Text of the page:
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DNER urged to intervene over access to Cueva del Indio in Arecibo


Visitors to the Cueva del Indio nature reserve in Arecibo are being forced to pay a landowner $10 per person to access the natural heritage site, a community leader says.

By The Star Staff


Lauce Colón Pérez, a community leader in the Islote neighborhood of Arecibo, on Wednesday called on the interim Natural and Environmental Resources (DNER) secretary to intervene at the Cueva del Indio nature reserve, charging that not only is its main entrance being managed by businessman José González Freyre, but that he also charges for access to the site.


“González Freyre not only has a fence placed right alongside the sand, clearly in the maritime zone, but he has also taken over the main entrance to our reserve established by an official demarcation of almost 40 years,” Colón Pérez said. “The community demands that the DNER secretary, Mrs. Anaís Rodríguez Vega, attend to the matter and identify a main and official entrance to the Cueva del Indio Nature Reserve.”


He pointed out that since 2016 the only two public entrances used by the community to Cueva del Indio have been constantly covered with garbage and debris, including the entrance to the east of the González Freyre farm and the coastal entrance to the west of Cueva del Indio.


“As a community, we denounce the landowner and millionaire José González Freyre, owner of the land that surrounds the Cueva del Indio Natural and Marine Reserve, for blocking access to the natural reserve area and the maritime-terrestrial public domain, since in addition to the cave, the area has beaches and pools that cannot be accessed directly,” Colón Pérez said.


“Residents of the neighborhood, of different ages and generations, confirm the existence of this main road located in the middle of González Freyre’s land, beginning where his gate is located,” he added. “Relevant agencies and our elected representatives must address this pressing issue to ensure free community access to the Cueva del Indio.”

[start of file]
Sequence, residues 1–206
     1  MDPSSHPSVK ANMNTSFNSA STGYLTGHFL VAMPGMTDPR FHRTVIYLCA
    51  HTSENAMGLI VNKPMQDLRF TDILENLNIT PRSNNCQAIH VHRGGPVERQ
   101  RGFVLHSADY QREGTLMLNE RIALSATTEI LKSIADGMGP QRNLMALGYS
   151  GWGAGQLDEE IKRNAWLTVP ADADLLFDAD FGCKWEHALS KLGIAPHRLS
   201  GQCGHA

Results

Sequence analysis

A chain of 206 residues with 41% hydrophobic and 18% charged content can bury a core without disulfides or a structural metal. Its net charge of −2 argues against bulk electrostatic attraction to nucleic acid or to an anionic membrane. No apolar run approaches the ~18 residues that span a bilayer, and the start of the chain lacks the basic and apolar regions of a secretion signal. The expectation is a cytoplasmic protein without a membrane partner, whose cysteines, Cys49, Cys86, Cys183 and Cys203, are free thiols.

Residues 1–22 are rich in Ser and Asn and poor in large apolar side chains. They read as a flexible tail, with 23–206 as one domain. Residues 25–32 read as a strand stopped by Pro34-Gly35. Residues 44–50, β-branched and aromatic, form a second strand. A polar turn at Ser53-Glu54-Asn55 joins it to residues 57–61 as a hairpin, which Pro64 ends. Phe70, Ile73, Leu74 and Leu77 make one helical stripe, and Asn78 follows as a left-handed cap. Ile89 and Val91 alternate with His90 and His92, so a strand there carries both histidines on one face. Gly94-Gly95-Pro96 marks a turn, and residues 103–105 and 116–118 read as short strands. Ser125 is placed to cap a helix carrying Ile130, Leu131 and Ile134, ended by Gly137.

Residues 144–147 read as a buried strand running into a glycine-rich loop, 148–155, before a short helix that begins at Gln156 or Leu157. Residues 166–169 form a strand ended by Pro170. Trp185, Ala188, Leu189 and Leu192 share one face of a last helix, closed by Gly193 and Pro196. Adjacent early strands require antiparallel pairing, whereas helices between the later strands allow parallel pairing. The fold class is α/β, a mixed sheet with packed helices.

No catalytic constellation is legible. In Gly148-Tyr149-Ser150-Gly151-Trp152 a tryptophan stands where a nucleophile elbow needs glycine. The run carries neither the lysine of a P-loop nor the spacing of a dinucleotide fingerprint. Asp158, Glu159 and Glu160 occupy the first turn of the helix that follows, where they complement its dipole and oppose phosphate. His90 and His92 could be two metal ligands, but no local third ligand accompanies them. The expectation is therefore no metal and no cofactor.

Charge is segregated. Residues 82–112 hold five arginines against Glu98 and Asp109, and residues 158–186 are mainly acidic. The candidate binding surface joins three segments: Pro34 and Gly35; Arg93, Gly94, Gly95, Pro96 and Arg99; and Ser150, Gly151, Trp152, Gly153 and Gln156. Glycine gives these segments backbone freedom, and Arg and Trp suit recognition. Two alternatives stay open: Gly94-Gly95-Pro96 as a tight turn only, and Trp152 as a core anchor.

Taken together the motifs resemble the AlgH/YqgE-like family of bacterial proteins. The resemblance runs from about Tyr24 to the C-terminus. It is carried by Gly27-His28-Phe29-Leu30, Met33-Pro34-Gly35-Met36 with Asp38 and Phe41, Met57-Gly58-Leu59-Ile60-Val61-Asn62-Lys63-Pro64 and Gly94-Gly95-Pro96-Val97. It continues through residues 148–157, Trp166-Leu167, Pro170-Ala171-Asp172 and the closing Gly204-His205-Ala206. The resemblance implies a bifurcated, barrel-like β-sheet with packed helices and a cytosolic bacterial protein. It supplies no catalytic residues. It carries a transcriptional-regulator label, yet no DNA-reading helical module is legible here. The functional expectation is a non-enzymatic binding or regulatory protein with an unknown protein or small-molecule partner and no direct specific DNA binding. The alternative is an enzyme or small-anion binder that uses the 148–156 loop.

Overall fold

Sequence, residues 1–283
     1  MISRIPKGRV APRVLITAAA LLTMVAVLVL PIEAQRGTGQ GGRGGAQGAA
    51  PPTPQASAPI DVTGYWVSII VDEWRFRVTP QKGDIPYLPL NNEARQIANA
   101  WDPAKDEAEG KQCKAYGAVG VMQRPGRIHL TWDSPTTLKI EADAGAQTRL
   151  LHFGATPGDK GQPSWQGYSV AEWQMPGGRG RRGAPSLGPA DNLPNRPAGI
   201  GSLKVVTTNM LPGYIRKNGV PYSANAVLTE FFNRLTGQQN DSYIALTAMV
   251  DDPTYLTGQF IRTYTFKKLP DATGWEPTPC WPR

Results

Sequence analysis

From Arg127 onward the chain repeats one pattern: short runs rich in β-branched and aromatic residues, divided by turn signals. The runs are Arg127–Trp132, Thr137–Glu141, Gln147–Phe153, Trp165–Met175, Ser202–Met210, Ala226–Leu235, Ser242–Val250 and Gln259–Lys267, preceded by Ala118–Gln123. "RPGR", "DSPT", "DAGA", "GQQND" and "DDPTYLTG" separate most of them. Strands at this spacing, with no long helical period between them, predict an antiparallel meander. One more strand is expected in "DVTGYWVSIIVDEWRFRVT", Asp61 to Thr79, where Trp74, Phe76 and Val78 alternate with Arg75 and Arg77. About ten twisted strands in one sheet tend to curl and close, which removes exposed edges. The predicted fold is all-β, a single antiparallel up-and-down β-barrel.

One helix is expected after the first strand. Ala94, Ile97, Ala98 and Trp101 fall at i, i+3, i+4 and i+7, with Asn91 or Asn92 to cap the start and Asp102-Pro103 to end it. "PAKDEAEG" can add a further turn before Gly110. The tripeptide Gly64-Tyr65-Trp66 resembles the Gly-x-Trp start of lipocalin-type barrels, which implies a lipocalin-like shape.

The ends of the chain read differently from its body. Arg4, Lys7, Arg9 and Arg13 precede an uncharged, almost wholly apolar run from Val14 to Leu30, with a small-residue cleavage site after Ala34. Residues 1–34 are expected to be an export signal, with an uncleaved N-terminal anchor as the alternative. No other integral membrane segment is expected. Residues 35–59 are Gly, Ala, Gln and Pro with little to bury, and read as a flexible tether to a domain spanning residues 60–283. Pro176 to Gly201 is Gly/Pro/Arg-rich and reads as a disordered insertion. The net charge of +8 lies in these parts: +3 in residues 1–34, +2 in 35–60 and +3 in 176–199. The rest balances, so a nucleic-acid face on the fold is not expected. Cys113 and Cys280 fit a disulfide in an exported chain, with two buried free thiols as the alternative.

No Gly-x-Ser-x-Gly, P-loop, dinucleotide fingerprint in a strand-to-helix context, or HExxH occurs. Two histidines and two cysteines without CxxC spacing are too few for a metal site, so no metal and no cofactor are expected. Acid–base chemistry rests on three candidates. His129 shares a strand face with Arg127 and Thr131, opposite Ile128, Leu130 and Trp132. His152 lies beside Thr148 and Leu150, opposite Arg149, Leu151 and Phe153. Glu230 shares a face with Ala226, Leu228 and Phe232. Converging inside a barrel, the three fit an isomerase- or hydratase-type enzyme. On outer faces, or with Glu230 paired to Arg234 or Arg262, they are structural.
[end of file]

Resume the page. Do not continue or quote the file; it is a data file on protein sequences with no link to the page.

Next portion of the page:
The situation, Colón Pérez said, has forced visitors to the nature reserve to pay González Freyte $10 per person between the hours of 10 a.m. and 5 p.m. to access the natural heritage site. However, according to the ticket office documentation that visitors to the Cueva del Indio receive when paying the entrance fee, they are being charged $1 for state tax and 15 cents for municipal tax on the entrance price.


“It is very concerning that, according to González Freyre’s entry tickets, the state and municipal government is charging a tax on the privatized and monetary exploitation of the Cueva del Indio,” Colón Pérez said. “This should be investigated by DACO [the Consumer Affairs Department] and the Treasury Department and the DNER.”


The community also demands compliance with Planning Law 75, the Land Use Plan and Joint Regulations, and the provisions for access to the island’s coasts, Colón Pérez added, as well as with Law 33-2019, the Puerto Rico Climate Change Mitigation, Adaptation, and Resilience Act.


According to Planning Law 75 and the Joint Regulations of 2020, there must be access from the island’s highways to the coasts every 400 meters.


“At the Cueva del Indio, which is a marine reserve and a nature reserve, this is not happening,” Colón Pérez said.

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